The individual's sentence really begins at the moment it is handed down. However, time spent in pre-sentencing custody is taken into consideration.

In our friend Harry's case, he has received a three-year sentence, but he has already been in custody for two months. Two months are taken off, sometimes four. Thirty-six minus four equals 32 months. It takes four months for the case to be looked at because he was sent to the federal reception centre. That brings us to 32 minus four, which is 28 months. Things are going well. This is what happens: one-sixth of the sentence is calculated, regardless of what the Minister of Heritage thinks. He does not understand anything. I know he does not understand anything because no one in Vancouver understands how it works. He is already having a hard time with culture. We will look after culture or maybe agriculture, with all these tubers. Maybe he could look after heritage someday.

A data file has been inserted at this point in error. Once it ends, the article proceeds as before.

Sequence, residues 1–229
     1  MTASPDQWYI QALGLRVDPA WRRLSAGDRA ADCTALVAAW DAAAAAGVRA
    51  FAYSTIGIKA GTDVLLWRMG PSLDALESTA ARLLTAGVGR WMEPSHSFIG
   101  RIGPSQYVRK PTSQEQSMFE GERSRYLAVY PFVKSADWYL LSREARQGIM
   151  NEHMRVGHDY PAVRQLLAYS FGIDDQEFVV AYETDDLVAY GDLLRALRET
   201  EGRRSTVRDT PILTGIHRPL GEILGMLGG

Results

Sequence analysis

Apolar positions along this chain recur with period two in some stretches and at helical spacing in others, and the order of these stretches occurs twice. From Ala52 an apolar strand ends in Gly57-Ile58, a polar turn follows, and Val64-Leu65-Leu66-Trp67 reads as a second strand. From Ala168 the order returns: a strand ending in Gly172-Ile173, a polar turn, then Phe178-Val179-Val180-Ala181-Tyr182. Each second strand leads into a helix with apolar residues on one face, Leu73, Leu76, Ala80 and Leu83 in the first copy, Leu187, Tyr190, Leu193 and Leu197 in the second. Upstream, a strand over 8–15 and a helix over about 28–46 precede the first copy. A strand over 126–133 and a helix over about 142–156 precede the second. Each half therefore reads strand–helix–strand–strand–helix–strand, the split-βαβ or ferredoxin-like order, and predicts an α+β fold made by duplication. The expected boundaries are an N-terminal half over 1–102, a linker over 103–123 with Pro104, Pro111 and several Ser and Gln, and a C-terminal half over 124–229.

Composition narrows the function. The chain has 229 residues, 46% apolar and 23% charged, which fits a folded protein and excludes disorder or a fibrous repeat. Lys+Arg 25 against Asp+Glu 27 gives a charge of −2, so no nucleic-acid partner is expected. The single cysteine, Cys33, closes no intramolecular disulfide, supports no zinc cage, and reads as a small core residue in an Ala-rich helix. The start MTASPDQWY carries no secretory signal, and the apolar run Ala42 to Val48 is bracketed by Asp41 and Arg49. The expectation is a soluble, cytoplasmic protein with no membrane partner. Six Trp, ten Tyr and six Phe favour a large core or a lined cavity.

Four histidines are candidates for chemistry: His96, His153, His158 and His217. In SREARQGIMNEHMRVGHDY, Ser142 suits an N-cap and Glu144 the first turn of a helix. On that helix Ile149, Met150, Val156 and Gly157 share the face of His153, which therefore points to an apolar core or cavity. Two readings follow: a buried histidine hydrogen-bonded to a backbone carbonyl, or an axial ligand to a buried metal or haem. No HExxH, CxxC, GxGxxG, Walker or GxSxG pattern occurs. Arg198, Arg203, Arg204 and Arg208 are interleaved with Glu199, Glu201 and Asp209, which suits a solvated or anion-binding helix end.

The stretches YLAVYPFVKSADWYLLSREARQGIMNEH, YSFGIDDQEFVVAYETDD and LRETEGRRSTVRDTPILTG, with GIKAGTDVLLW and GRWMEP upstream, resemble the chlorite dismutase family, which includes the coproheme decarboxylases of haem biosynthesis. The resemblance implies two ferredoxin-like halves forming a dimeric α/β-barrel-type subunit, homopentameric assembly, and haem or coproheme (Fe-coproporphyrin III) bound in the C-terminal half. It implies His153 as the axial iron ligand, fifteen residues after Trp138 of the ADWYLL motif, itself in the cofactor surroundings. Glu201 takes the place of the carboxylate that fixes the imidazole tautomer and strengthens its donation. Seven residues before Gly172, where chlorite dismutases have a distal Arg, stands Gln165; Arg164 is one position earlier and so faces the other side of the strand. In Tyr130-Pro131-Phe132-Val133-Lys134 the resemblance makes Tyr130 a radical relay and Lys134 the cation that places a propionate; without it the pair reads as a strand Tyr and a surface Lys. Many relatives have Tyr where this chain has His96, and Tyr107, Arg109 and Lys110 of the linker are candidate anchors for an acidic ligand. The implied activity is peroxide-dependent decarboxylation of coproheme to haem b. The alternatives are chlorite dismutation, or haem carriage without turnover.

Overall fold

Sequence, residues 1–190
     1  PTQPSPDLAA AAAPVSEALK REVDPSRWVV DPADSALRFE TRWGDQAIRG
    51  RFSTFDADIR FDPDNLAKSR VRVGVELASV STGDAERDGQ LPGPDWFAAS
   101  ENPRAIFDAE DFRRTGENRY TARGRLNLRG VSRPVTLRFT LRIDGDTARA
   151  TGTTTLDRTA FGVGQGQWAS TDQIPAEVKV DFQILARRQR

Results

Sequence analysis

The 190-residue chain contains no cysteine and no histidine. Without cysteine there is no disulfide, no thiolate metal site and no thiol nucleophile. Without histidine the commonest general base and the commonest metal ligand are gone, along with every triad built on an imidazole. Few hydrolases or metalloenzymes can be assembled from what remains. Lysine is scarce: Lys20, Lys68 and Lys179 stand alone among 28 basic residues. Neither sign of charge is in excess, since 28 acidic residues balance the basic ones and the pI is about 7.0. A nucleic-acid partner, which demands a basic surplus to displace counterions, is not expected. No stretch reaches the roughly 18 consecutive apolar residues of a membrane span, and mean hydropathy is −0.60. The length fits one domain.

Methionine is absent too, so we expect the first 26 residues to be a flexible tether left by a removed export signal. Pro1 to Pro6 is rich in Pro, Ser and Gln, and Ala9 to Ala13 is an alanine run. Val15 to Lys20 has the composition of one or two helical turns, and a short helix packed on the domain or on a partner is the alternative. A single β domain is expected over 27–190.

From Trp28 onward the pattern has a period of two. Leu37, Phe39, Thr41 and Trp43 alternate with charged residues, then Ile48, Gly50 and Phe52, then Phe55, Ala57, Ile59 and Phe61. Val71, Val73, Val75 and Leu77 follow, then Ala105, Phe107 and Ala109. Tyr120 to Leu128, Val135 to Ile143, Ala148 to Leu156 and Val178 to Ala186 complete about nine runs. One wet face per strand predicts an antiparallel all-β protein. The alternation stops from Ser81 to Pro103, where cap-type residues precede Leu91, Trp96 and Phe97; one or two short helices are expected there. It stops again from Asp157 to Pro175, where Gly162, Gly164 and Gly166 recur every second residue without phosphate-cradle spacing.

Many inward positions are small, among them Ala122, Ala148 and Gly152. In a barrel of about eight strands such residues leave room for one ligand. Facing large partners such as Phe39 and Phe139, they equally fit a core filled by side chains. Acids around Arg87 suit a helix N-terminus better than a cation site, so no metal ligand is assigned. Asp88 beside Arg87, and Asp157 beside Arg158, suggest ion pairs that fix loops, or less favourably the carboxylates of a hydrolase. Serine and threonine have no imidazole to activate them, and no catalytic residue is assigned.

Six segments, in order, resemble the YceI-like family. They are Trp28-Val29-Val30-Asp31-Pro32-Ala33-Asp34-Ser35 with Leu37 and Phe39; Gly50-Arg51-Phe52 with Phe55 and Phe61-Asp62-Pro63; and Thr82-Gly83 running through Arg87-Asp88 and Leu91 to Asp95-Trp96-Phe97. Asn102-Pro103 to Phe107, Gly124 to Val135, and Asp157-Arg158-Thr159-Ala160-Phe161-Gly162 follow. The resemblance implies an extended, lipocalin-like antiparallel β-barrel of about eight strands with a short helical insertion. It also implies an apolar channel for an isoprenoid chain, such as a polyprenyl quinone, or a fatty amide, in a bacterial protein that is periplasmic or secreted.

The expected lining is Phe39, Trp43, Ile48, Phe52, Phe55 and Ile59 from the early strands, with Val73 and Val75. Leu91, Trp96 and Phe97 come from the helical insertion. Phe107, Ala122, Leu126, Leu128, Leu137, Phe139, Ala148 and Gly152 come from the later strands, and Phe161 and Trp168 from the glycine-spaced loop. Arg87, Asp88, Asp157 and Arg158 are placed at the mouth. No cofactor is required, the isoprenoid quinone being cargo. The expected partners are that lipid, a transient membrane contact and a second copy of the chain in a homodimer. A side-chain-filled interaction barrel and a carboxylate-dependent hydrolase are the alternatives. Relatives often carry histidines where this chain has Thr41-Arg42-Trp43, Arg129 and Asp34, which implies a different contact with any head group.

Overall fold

I think it is deplorable that they are trying to have us believe that if we eliminate the one-sixth sentence, it will cost more to keep someone in prison. That is a bit hard to accept since it is only normal to expect that a person sentenced to prison will serve that sentence or, at least, will prepare for his release through a parole readiness program. It simply is not possible to prepare a release plan for anyone currently being paroled after serving one-sixth of a sentence.